2022 RFP Trends & Benchmarks
Chapter 6: Salary and Career Comparisons
This section is exclusively for those in a full-time RFP position. Our hope is to empower those in the field to better understand their roles, salaries, and career prospects.
On the whole, proposal professionals love their work—but a lack of diversity in the field suggests that rewards aren’t evenly distributed.
Two-thirds of RFP proposal managers are over the age of 35, while three-quarters are white (74%), and 7 in 10 identify as female (71%). That places the proposal industry alongside professions like teaching in terms of its gender imbalance, and airplane pilots with racial imbalance.
Most RFP Proposal Managers Have 5+ Years of Experience
Over half of proposal professionals have been in an RFP-related role for over five years. A surprising one-third (31%) have been in the field more than 10 years.
With time comes seniority, and those with more than 10 years of experience are much more likely to be a Manager/Team Lead, Director role, or higher. Enterprise-sized companies were more likely to have people with 10+ years of experience in RFP roles.
It also seems that those with 15+ years of experience were more likely to be unsatisfied or have neutral feelings towards their process, compared to those early on in their career. Companies, keep an eye on your more tenured professional’s satisfaction levels if you don’t want to lose them.
This many years of experience seems to be a tipping point for satisfaction.
Salary: Nearly One Quarter of Proposal Pros Earn Six Figures
On average, a proposal manager salary is $87,000 USD annually. A slight majority of proposal professionals (51%) earn between $51,000-$100,000. Interestingly, 23% make more than $101,000 annually.
Women are more likely to be in the low-to-mid pay bands, despite making up a vast majority of this industry. On the flipside, males are more likely to be in the high-to-mid pay bands.
Eighteen percent of respondents chose not to respond to the salary question, so it seems there’s a hesitancy to discuss salary in this industry. But the more openly everyone shares, the more people can know to ask for what they’re worth.
For more insights on salary, download the full RFP Trends & Benchmarks Report.
4 in 5 Plan To Stay On This Career Path
An overwhelming 81% of RFP professionals plan on staying in this career path. Nearly two-thirds (63%) expect to be in a more senior proposal role within the next five years.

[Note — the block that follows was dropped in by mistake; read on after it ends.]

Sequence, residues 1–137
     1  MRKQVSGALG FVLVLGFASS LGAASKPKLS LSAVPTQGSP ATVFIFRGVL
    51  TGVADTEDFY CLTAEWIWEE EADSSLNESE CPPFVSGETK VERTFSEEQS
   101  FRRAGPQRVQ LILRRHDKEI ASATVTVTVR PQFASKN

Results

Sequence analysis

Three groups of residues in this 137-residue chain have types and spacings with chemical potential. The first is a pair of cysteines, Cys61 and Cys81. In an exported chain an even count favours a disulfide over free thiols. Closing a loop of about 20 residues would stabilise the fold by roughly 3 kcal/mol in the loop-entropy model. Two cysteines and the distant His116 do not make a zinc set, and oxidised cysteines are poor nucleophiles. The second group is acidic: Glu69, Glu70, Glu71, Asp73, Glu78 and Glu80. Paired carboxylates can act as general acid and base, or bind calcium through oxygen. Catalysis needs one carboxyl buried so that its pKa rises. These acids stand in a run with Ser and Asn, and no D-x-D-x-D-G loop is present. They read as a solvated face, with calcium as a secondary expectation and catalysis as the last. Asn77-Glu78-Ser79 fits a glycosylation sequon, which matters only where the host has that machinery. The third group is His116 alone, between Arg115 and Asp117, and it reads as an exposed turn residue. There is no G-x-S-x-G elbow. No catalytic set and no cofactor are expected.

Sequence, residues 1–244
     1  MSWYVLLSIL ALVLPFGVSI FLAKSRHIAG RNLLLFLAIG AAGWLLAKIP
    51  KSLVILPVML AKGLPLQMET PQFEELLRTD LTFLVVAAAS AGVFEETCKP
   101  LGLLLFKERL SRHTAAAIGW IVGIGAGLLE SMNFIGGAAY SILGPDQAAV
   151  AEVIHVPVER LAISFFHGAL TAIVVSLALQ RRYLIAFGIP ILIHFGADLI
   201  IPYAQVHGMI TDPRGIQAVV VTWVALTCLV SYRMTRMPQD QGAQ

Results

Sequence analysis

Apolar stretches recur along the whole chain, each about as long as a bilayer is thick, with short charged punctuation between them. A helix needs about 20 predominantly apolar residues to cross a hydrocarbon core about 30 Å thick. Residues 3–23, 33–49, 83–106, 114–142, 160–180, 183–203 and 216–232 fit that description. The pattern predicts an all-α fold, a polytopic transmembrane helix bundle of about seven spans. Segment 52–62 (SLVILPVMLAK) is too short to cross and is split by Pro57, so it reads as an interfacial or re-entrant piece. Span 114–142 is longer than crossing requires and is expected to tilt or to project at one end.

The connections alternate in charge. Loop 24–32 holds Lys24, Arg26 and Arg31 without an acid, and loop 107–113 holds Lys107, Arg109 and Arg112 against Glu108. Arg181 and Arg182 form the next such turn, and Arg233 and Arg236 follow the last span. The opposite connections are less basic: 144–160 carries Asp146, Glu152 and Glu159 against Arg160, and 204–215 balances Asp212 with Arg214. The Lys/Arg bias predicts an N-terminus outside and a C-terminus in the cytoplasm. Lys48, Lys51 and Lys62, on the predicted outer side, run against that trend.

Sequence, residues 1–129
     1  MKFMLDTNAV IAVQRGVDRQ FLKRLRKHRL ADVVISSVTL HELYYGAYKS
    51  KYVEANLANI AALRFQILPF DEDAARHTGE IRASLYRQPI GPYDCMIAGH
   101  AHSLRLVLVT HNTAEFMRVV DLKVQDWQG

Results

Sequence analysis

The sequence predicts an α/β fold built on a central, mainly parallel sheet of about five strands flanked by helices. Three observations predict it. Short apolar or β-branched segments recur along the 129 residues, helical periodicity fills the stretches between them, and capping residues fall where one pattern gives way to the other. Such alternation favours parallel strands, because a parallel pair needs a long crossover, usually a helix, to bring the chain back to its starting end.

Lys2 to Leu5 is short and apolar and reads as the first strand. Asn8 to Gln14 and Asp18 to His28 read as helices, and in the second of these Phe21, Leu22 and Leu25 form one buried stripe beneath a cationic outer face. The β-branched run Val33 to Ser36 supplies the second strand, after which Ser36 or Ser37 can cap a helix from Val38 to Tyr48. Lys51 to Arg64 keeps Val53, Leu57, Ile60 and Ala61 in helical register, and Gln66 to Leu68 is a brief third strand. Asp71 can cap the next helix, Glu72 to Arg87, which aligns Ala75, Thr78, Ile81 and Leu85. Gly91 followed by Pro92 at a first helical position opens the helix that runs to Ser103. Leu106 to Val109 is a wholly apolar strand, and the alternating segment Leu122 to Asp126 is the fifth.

It appears they have a pretty good reason to believe in their growth in the field: more than 1 in 4 were promoted within the last 12 months. Notably, an equal number of females and males were promoted. Those already earning mid-to-high salaries or in the 25-44 age range were the most likely to be promoted this year.
Key Takeaways: Why Teams Should Openly Share Salaries
Those in the proposal profession tend to be over 35, white, and identify as female. And though females have received an equal number of promotions in the last 12 months, they still tend to be paid less than their male colleagues—something all of us can combat by sharing salaries openly.
Train your people managers: It appears many people managers may be getting into the weeds and writing proposals. Few report people management, capture planning, and competitive analysis as top duties. Challenge the managers on your team to step back: Become a coach who builds a program for their team to execute on.
The RFP industry has a diversity problem: The RFP industry’s demographics reflect a serious diversity imbalance. There are too few males, too few young people, and far, far too few people of color. Improving team diversity improves performance, so companies would do well to review their hiring and promotional practices, expand their networks, and invest in new talent.
Openly share salaries and mandate pay equity: Females tend to be paid less than males, and it’s a problem every people manager can begin to address, today. Create pay bands for each proposal role and level, and make sure they’re followed for hirings and promotions. This way, it’s less likely that bias or negotiation skills will leave people behind.
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